Misrepresentations On Insurance Application

It may sound strange, but while public policy doesn’t encourage people to lie on insurance applications, it also recognizes that it is more important for society that insurance coverage is settled than that the truth prevail in every instance. That’s why almost every state has a two-year period after which life insurance policies can’t be contested for misrepresentations made on the application. Most states also have statutes that forbid insurers from voiding a policy based on an insurance application unless the application is attached to the policy and given to the insured when the policy is issued. They also have statutes that preclude insurers from voiding a policy based on misrepresentations that are not material to the insurer’s risk.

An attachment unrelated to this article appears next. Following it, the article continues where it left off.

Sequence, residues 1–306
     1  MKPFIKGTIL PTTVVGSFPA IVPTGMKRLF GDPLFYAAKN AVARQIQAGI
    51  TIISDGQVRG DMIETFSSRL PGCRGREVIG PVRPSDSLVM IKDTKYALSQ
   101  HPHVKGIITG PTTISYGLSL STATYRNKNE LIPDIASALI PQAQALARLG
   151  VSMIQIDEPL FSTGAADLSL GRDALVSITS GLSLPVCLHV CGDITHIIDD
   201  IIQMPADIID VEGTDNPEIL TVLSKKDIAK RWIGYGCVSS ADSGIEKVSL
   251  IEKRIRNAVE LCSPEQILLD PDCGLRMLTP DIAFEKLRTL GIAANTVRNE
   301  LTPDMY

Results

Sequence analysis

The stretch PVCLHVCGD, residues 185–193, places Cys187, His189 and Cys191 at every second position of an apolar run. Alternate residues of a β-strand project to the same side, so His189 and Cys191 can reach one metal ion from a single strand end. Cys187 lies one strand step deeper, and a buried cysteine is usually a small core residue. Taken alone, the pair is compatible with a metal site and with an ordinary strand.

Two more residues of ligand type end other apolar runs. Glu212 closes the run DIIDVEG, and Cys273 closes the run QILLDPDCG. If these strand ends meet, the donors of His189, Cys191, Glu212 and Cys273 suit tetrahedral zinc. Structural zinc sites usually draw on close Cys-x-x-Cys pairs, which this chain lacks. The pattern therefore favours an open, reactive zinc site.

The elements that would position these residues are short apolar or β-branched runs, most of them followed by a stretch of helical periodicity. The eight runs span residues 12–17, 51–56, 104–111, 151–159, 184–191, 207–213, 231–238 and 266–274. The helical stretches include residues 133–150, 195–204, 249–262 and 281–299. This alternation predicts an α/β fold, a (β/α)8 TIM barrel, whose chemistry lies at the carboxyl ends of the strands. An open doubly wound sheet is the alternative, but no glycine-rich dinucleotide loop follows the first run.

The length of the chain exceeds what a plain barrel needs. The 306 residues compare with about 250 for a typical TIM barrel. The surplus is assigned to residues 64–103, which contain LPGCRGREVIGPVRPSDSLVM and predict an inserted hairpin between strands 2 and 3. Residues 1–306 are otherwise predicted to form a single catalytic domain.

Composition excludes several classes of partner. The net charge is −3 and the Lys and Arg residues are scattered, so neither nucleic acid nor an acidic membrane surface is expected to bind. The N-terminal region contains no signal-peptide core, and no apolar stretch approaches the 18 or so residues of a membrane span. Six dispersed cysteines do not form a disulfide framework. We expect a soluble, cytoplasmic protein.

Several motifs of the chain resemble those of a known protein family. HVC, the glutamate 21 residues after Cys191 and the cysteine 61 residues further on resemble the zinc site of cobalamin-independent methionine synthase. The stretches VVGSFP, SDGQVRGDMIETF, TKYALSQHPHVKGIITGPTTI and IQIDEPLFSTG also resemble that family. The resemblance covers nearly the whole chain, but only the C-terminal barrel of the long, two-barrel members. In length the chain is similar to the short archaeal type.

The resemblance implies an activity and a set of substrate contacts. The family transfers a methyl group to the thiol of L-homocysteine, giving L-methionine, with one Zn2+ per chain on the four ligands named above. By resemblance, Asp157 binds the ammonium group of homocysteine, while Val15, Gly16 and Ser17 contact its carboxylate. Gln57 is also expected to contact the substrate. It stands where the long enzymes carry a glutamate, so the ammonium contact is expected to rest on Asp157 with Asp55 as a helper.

That is also why cases about misrepresentations on policy applications continue to be litigated in large numbers, and why cases like Stafford v. Allstate Insurance Co., 2006 Wl 335588 (W.D. Tenn. February 13, 2006) continue to be decided. The case is about whether misrepresentations on a homeowners’ policy were material to the insurer’s risk. The homeowners’ argument is an old one: if they had given full disclosure, the insurer still would have issued the policy, just at a higher premium. Courts seldom buy this argument, and this court was no exception. As the judge said, the misrepresentations were material to the risk not because the insurer would have refused to issue a policy at all, but because they increased the insurer’s risk.

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